One question: what is the target HS2 timing from London to Edinburgh and Glasgow since speeding up these journeys is what will really reduce air travel within the UK. The record London to Edinburgh is 3.5 hours, achieved by running at up to 140 mph/ 225 kph. Making this into a regular timetable is surely achievable for a modest, relative, cost?

  • Neil Palmer, Waterloo

    The biggest enemy of, and contributor to excess costs of, government projects is the government itself.

  • John B, London

    Far more fitting for this ridiculous project to terminate at OOC for an hourly shuttle service to East Midlands Parkway.

  • Chris Jones-Bridger, Buckley

    What a mess & rather undermines any Govt pronouncements to improve the fabric of the nation's infrastructure.

    Enabling works are already well advanced at Euston & the operational capacity of the existing station has been reduced & compromised for the duration of the rebuilding work. It also raises questions as to how budgets for multi year or indeed multi decade projects are set especially when Inflation is running at rates not seen for several decades. Clearly as we have seen in all walks of life the Treasury has the upper hand in spending decisions &
    shortermism rules. The constant changing in ministerial personal at DfT cannot have helped. As in all aspects of transport policy prevarication & delay have been the order of the day resulting in increased cost all round to the detrimental of the taxpayer & travelling public.

    For HS2 to fulfil it's intended objective it needs to absorb the long distance inter city services from the three great Euston Rd termini of Euston, St Pancras & Kings Cross. As conceived Old Oak Common cannot achieve that. As a terminus it can only act as a stop gap. Let it also be noted that once construction at OOC is underway it will impact the GWML while the interchange is constructed disrupting services to/from Paddington.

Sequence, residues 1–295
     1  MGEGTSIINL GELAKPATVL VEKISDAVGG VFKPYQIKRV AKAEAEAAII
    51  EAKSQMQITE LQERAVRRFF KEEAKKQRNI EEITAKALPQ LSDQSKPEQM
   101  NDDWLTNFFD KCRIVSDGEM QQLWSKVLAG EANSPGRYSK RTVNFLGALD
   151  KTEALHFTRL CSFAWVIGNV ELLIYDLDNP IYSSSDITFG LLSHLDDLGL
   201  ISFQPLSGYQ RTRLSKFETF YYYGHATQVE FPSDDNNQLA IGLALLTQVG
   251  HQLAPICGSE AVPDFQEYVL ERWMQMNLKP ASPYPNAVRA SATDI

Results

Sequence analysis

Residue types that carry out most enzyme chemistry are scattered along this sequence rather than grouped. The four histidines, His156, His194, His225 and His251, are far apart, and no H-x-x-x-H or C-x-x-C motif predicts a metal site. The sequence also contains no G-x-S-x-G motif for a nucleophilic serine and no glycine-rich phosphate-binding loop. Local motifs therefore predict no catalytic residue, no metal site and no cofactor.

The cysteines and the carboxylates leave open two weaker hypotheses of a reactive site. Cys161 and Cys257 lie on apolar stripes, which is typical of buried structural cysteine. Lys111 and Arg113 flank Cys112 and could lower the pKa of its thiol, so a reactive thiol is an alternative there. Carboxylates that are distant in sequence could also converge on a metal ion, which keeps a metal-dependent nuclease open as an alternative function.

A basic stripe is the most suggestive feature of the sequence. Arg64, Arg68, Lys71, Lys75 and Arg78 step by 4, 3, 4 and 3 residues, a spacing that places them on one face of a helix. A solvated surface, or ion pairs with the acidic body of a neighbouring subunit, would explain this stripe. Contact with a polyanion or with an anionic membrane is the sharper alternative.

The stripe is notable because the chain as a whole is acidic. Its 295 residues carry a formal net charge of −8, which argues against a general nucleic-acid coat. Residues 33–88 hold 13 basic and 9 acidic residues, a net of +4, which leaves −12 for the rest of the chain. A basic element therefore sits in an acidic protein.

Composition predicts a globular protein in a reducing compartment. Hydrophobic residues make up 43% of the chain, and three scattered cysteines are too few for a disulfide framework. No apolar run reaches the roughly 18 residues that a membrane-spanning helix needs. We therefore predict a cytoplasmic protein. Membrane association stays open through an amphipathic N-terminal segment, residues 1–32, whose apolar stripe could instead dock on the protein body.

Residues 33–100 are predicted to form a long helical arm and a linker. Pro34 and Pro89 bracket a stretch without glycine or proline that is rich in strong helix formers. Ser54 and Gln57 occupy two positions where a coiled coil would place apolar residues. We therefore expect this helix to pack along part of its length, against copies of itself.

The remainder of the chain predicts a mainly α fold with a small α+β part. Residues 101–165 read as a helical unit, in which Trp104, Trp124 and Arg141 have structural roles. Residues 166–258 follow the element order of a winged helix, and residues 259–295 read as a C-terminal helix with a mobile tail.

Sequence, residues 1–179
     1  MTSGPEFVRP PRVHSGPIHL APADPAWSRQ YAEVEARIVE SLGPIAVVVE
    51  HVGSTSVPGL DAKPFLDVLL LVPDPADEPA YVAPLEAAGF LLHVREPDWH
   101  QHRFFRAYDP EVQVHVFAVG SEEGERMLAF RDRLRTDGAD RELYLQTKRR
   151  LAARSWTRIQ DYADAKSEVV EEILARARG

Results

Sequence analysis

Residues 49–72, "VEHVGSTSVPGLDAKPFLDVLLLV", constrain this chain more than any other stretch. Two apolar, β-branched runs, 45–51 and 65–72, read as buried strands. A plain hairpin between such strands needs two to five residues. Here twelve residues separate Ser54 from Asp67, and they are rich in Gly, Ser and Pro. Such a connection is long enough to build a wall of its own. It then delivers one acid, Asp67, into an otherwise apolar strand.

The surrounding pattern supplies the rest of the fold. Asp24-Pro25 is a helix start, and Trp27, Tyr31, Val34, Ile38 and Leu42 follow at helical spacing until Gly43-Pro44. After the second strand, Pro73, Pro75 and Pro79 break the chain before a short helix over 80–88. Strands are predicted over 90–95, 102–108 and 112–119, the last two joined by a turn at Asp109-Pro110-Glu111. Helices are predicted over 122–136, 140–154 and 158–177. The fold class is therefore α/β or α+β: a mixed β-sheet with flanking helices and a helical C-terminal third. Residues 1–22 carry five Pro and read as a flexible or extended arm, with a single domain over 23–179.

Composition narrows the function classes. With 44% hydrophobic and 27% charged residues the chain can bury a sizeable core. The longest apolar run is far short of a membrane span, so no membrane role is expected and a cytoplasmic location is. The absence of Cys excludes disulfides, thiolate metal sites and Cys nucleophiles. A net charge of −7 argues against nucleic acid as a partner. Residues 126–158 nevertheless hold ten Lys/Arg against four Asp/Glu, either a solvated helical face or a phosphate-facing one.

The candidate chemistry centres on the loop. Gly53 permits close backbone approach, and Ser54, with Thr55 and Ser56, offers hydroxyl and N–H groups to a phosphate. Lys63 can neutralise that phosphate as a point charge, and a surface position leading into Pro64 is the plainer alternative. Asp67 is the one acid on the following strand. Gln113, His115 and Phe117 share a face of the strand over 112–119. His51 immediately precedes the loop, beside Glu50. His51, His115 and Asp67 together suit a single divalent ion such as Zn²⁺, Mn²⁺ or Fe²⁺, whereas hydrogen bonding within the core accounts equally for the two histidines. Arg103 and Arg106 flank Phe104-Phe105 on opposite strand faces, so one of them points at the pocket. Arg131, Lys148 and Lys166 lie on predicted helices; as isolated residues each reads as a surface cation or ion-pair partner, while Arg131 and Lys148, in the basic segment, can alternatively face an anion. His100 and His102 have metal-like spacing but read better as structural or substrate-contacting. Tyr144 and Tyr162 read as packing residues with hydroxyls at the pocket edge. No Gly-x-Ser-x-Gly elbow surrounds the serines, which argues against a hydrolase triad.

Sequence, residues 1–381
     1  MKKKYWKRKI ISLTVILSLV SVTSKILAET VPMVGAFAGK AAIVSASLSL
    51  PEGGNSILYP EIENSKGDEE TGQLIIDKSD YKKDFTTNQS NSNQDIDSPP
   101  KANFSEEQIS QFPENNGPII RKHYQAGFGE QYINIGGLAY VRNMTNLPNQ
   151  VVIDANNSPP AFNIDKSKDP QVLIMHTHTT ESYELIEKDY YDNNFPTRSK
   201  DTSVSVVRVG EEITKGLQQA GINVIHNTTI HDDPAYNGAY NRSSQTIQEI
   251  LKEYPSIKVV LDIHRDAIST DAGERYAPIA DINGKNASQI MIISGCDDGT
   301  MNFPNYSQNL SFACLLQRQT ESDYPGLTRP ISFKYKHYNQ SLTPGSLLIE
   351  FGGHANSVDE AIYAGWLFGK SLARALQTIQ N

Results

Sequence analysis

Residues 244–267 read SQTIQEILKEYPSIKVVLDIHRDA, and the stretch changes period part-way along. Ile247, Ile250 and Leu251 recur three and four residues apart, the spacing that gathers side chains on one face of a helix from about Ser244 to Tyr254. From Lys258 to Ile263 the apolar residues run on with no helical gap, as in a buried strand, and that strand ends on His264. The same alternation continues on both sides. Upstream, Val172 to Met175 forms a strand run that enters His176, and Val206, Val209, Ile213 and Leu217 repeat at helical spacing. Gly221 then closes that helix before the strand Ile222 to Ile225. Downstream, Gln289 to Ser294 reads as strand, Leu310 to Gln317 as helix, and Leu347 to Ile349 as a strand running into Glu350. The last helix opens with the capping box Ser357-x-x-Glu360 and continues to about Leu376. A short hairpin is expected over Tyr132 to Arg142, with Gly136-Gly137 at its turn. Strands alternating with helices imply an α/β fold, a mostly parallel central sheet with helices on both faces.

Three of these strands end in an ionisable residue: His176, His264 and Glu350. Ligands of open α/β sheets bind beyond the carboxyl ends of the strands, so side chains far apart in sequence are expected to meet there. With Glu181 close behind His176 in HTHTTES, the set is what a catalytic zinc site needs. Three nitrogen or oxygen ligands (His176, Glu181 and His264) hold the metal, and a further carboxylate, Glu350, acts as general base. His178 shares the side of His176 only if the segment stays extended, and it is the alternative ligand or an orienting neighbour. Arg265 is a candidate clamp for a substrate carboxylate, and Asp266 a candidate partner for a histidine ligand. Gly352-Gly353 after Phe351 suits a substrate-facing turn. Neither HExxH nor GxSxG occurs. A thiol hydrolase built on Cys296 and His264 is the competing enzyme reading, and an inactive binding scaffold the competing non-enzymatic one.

• John Porter, Leeds

    Ten platforms are needed at High Speed 2’s (HS2’s) Euston terminus because of the ambitious frequency of HS2’s illustrative timetable and the 5 to 8 minutes lost when dividing/rejoining train units. HS2 allowed 25 minutes to turn trains around, which allows for trains up to 10 minutes late and 55 minutes for Scottish trains.
    HS2's last illustrative timetable assumed the following 18 hourly service
    arrivals (LH column). and departures (RH column) from Euston
    xx01. Newcastle. 8 coaches. xx26. Platform 4
    xx05. Birmingham. 16 coaches. xx30. Platform 9
    xx08. Scotland 16 coaches. xx03. Platform 5
    xx11. Liverpool. 8 coaches. xx06. Platform 8
    xx15. Manchester. 16 coaches. xx10. Platform 3
    xx18. Leeds. 16 coaches. xx43. Platform 7
    xx21. SPARE. 8 coaches. xx46. Platform 6
    xx25. Birmingham. 16 coaches. xx50. Platform 1
    xx28. Newcastle. 8 coaches. xx53. Platform 10
    xx31. Sheffield/Leeds. 16 coaches. xx56. Platform 4
    xx35. Manchester. 16 coaches. xx00. Platform 9
    xx38. Scotland 16 coaches. xx33 Platform 2
    xx41. Liverpool/Lancaster 16 coaches. xx06. Platform 8
    xx45. Birmingham. 16 coaches. xx10. Platform 3
    xx48. Leeds. 16 coaches. xx13. Platform 7
    xx51. Stoke/Macclesfield 8 coaches. xx16. Platform 6
    xx55. Manchester. 16 coaches. xx20. Platform 1
    xx58. York/Sheffield. 16 coaches. xx23. Platform 10

  • David Ian Trigg, Spondon, Derby

    Ten platforms at Euston! Why? When 'EuroStar' was operating at its peak from Waterloo, and later at St Pancras International, it never needed ten platforms.
    With one train out, then one in, just what would be the minimum number of platforms required?
    If trains are eventually running to East Midlands and Manchester, many via Birmingham, how many trains will be required for Birmingham only, how many trains will be required, per hour, anyway?
    Will the 'peak' number of passengers require full length train sets, or could half size 'coupled' sets run to Birmingham, where the rear set would then continue to East Midlands or Manchester? And return to 'Brum'.
    Just when would the likes of Liverpool, Glasgow/Edinburgh, Leeds and Newcastle get HS2 Sets running from/too services? If ever!
    A few questions to for your 'thinking caps' to answer, so, make a drink, and don your 'caps'.

  • James Hutton, Oxford

    Perhaps the pause is an opportunity to reconsider terminating at Euston and look at Paddington instead. The interchange options at Paddington have been dramatically improved with the Elizabeth Line completion and the budget for tunnelling to Euston might cover the cost of an underground station for HS2.

  • Alastair Brown, Rutherglen,GLASGOW

    Is it time to draw a line under this entire project? Complete what is underway, which will provide a high speed shuttle between London and Birmingham, and consider integrating that infrastructure with the existing network to provide additional capacity for fast intercity services?